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What health care must learn from meteorology about the importance of R2O

wenty years ago, a board of atmospheric experts published a report that revolutionized the meteorology industry with a single phrase: research to operations (R2O). This term was coined to describe the challenge of transitioning satellite data into operational use, or as it was described, bypassing the “Valley of Death” that swallowed up research before it could see the light of day.

The report asked an important question: What if the industry could build a bridge between research and operations?

Which it did. After defining R2O, the meteorological community saw immense uptick in bridge-building initiatives. The National Oceanic and Atmospheric Administration, for example, developed a new initiative focused on best practices and incentivization programs to reduce the research to operations burden and help research become a reality.

Today, the health care industry is facing an eerily similar chasm.

While completing a master’s degree from Tufts University School of Medicine in Boston, I explored the wealth of challenges posed by the R2O revolution and what learnings from it can be brought into the health care industry. Identifying the challenges was a simpler task: getting innovative research into health care workflows is well documented.

Take the use of artificial intelligence (AI) and machine learning (ML) in medicine. According to one report, fewer than 10% of machine learning models make it into production across all industries. The percentage is even lower in health care, given the additional barriers of security, accessibility, specialization, and regulation. Since 1997, when the FDA first approved an AI/ML-enabled care device, PubMed lists more than 26,000 publications on machine learning, AI, and health care. Yet as I write this there are now just 343 FDA-approved AI/ML enabled care devices (including software services).

The first clear step was to create a common term to discuss the problem. As renowned meteorologist William Hooke eloquently stated in a post for the American Meteorology Society’s “The Front Page” blog, “R2O matters. Simply put, it’s the key to realizing societal benefit from research and development.”

With a common goal in mind, meteorology looked at interoperability solutions: By developing connections between satellites and data systems, the industry was able to develop better real-time reporting. Interoperability will save lives in health care as well, and will help bridge the R2O chasm the industry faces, but bridging isn’t the place to stop.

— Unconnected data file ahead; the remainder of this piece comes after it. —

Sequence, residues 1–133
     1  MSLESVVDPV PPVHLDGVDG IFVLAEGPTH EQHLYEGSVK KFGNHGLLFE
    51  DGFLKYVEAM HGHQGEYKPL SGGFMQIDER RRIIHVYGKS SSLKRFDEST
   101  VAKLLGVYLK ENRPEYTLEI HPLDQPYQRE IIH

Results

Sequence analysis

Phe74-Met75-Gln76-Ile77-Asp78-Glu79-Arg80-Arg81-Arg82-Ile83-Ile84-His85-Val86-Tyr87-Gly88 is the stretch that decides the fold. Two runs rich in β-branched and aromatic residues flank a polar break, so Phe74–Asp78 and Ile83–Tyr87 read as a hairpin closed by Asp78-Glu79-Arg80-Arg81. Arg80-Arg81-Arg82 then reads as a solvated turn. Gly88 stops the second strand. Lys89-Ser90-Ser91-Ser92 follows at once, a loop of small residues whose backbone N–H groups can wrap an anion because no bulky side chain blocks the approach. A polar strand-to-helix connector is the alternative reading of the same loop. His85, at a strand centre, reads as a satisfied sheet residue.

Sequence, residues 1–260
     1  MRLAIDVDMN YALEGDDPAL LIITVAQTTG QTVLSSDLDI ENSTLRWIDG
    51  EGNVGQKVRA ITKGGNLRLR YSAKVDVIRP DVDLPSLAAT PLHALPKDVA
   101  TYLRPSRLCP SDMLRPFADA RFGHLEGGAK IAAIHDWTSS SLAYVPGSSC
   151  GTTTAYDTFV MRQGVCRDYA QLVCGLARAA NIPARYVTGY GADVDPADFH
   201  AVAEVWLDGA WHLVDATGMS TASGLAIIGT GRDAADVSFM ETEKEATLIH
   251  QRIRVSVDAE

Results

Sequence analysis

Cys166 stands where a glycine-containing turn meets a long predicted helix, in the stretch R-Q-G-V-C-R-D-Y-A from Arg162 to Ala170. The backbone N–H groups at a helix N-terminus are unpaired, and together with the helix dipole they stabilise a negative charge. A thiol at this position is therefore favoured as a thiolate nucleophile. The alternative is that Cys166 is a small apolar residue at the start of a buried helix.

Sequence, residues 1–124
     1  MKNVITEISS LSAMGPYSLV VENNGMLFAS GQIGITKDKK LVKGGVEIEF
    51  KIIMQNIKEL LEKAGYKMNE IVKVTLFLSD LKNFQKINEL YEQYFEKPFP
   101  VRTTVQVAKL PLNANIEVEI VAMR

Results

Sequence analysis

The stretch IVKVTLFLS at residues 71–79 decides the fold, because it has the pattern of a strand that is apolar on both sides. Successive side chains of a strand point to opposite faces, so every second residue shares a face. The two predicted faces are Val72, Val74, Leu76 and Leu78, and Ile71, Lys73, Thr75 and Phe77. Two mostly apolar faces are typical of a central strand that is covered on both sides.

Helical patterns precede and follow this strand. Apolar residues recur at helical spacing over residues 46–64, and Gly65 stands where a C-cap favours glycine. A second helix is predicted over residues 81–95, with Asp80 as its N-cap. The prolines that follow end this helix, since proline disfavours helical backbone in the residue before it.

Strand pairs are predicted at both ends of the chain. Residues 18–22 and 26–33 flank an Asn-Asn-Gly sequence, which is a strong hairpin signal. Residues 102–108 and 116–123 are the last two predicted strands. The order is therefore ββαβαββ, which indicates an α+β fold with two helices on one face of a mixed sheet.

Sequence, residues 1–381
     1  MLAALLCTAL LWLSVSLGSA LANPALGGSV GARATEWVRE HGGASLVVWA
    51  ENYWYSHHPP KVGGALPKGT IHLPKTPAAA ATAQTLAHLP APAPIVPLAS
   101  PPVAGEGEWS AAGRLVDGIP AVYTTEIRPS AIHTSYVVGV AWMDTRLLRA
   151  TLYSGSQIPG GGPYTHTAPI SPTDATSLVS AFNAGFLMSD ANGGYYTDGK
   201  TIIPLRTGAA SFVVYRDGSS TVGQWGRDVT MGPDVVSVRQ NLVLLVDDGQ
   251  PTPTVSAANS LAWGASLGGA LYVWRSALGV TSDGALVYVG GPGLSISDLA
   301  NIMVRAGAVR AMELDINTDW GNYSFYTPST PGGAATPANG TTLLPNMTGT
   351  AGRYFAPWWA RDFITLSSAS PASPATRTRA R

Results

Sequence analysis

The key discovery of my work landed here: Interoperability is not enough. Just because a clinician can access novel research does not mean she can use it in caring for her patients. Focusing on artificial intelligence, I identified three determinants to actualize the value and promise of AI: explainable, transparent and actionable. In a nutshell, models must be understood, trusted, and most importantly, useful.

As John D. Halamka, Suchi Saria, and Nigam Shah wrote recently in First Opinion, “to realize the full potential of artificial intelligence (AI) and machine learning (ML) for patients, researchers must foster greater confidence in the accuracy, fairness, and usefulness of clinical AI algorithms.”

Several programs are already at work solving for R2O in health care. A few examples include:

  • Bridge2AI, a program funded by the National Institutes of Health’s Common Fund to “propel biomedical research forward”
  • MedPerf, an open benchmarking platform for medical artificial intelligence
  • Model Cards, a standard developed by my company, Google, to bring consistency to transparency and explainability data best practices
  •’s Focus Areas, offering opportunities to engage in regulatory change

Moving forward means prioritizing and rewarding work that focuses on truly bringing research into operation — and thus into patients’ lives. R2O means incentivizing researchers to see their work beyond publication. It is developing interoperable standards and putting them to meaningful use. It is working to foster trust in technologies by breaking biases and building with an equitable lens. R2O is working across the care continuum to ensure that all users from all backgrounds can understand, trust, and use the technology.

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